Japan Today

Tourist center asks travelers to not make a mess in restroom

By Casey Baseel, RocketNews24

While Japan’s highest mountain itself is the primary attraction, it’s not the only thing to see in the Mt. Fuji area. There’s also the Fuji Five Lakes, which would be beautiful enough to warrant a visit even if they didn’t have the famed peak serving as a dramatic backdrop.

But while travelers are happy to see the mountain and lakes alike, one thing none of them look forward to is a puddle of piss on the men’s room floor of a local visitor’s center. That’s why one facility has signs asking visitors to mind their aim when using the urinals, but while the Japanese text is a politely worded reminder, the English version seems to be implying that the reader’s penis really isn’t so impressive.

Out of the five lakes, Lake Yamanaka is the largest, and also at the highest elevation. Drawing the lion’s share of Fuji Five Lakes tourist, though, means it also has the potential to receive the largest volume of unwanted yellow puddles. So when Japanese Twitter user @HBonsai stopped by the lake’s visitor center and headed into the restroom, he saw signs attached to the wall directly in front of the urinals.

Accompanied by a picture of a uniformed tourist guide bowing respectfully, the Japanese text reads "Itsumo kirei ni tsukatte itadaki, arigatou gozaimasu," which translates as “Thank you for very much for always using the restroom in a clean manner.” But while the sentence is perfectly fine in Japanese, it sounds just a bit wordy in English. Maybe that’s why instead of a straight translation, the visitor center decided on an alternate but equivalent message for English-reading tourists.

“Please Stand Closer. Your TOMAHAWK is not so long as you wish.”

That’s a huge gap in tone between the messages being given to domestic and Western travelers, or really any travelers more proficient in English than Japanese. It’s especially jarring since it doesn’t even say “as long as you think,” which would at least be diplomatic enough to allow for the possibility that the reader is satisfied with his length, despite it being less than he himself perceives. Nope, it flat-out says that you must be somewhat disappointed with the size of your manhood.

It also implies that your junk has a…unique shape, if your first mental image of “tomahawk” is the ax and not the missile.

In the visitor center’s defense, it turns out that this exact phrase has been floating around and being used in bathroom stalls for a number of years.

As a matter of fact, Googling the phrase yields several examples with the exact same unorthodox capitalization as in the example @HBonsai found (photo below right).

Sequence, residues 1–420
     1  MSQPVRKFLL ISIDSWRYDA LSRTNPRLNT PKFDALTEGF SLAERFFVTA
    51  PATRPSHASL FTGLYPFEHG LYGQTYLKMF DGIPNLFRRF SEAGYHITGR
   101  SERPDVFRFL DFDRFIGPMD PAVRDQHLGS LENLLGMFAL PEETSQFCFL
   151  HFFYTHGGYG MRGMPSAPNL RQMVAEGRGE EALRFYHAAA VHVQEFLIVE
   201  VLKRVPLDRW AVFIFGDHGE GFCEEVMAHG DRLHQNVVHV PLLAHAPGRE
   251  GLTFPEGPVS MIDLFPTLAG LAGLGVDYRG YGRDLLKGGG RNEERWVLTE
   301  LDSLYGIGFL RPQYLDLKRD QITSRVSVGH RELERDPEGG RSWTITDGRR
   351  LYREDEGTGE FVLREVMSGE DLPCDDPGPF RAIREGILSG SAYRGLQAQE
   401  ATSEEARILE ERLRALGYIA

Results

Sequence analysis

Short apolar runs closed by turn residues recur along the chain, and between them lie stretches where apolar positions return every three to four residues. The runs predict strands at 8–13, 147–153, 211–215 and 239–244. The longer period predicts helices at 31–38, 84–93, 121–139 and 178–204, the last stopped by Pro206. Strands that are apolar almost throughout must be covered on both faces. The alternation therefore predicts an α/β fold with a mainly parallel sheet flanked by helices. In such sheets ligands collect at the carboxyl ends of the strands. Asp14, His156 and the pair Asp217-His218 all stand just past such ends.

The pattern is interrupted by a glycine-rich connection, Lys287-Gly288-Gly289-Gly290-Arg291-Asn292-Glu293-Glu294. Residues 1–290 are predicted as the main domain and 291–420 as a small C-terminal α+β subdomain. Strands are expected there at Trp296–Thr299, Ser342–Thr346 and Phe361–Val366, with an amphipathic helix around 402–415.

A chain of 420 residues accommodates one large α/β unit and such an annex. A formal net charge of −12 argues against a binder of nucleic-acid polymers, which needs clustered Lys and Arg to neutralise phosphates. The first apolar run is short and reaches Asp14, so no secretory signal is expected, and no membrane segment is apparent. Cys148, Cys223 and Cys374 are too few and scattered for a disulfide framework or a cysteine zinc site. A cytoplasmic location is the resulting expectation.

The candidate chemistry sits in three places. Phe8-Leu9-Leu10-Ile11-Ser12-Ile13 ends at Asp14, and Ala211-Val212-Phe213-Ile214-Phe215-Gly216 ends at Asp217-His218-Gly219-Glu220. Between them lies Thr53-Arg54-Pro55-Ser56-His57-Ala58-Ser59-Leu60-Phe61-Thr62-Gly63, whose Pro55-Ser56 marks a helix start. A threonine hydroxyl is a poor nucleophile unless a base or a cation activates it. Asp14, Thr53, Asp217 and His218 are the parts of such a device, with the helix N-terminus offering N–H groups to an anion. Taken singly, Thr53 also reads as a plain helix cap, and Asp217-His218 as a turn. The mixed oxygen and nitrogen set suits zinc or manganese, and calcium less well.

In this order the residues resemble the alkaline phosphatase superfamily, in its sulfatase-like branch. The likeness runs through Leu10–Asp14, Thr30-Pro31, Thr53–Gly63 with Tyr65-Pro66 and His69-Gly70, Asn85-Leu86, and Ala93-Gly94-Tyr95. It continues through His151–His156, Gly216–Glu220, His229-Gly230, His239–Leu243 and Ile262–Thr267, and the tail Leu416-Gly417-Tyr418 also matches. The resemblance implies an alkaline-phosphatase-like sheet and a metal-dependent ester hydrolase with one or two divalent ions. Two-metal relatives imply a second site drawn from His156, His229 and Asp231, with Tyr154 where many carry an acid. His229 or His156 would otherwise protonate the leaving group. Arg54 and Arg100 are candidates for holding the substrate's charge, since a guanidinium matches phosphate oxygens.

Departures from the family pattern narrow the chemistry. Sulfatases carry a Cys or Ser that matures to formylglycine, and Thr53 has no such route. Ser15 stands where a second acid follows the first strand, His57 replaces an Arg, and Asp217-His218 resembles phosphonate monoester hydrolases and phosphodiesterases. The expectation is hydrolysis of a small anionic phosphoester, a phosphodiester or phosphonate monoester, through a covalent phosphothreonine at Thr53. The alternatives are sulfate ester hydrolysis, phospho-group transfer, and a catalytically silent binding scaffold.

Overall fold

In light of that, it seems more likely that the Lake Yamanaka visitor center simply copied a sign it had seen somewhere else without fully understanding the implications of the English, and that’s it’s not purposefully trying to pick a fight with or insult travelers using the urinal. Still, a slightly kinder-sounding rewrite might be in order.

Source: Twitter/@HBonsai

Read more stories from RocketNews24. -- UNESCO declares Mt. Fuji a World Heritage site, we celebrate with unique Fuji-related gifts! -- The top 5 places to see the sun set in Japan -- Japan’s stunning light displays replace blossoms with light bulbs for winter beauty

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'scuse me..... that's not a tomahawk, it's an AXE.

0 ( +0 / -0 )

they should at least check the sentence for mistakes before plastering it...

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Haha, this is so typical. Why didn't they just use a small cartoon, that would eliminate the need for translation, given the bad record of English language signs in Japan.

I mean, most Japanese urinals hang so low I can't even step closer otherwise I would not even be able to hit the right area. Also with them having the drain on the floor the splash is amazing. They should take some European urinals as an example, then they wouldn't need the signs.

0 ( +1 / -1 )

"Tomahawk" is probably a mistranslation of "chopper".

-1 ( +0 / -1 )

I think maybe the translation is an interpretation. The literal words are .....itsu mo kirei ni tsukatte chouki arigato gozaiimasu ....translates roughly to "always be clean when using from a long distance thank you very much, or something along those lines. From my experience we men (excluding me of course) in western countries can be pretty bad and most of us think it is longer than it really is much to the discomfort of those who follow.

0 ( +1 / -1 )

Maybe 'Tomahawk' is a new slang for you know what in Japanese. So when they try to translate it into English this happens. By the way if you google 'engrish japanese signs' you can find more examples. Also this does not only happen in Japan. Since I can read Chinese I have seen really funny examples from China.

1 ( +1 / -0 )

Our aim is to keep this facility clean and pleasant. Your aim helps.

2 ( +3 / -1 )

The literal words are .....itsu mo kirei ni tsukatte chouki arigato gozaiimasu

'Itadaki' not 'chouki'.

translates roughly to "always be clean when using from a long distance thank you very much,

No, it doesn't say anything about a long distance.

'itsumo' => always 'kirei ni tsukatte itadaki' => using cleanly 'arigato gozaimasu' => thank you

Thank you for always using cleanly.

I think you may have somehow mistaken 頂 for 長 since the latter can be read 'chou' and means 'long', and your transliteration uses 'chou' and you speak of 'long' in your translation.

0 ( +3 / -3 )

And from South Park I was given the impression that Japanese thought "Americans so big".

1 ( +2 / -1 )

It would seem someone had an axe to grind over the yellow puddles in rest rooms?

0 ( +0 / -0 )

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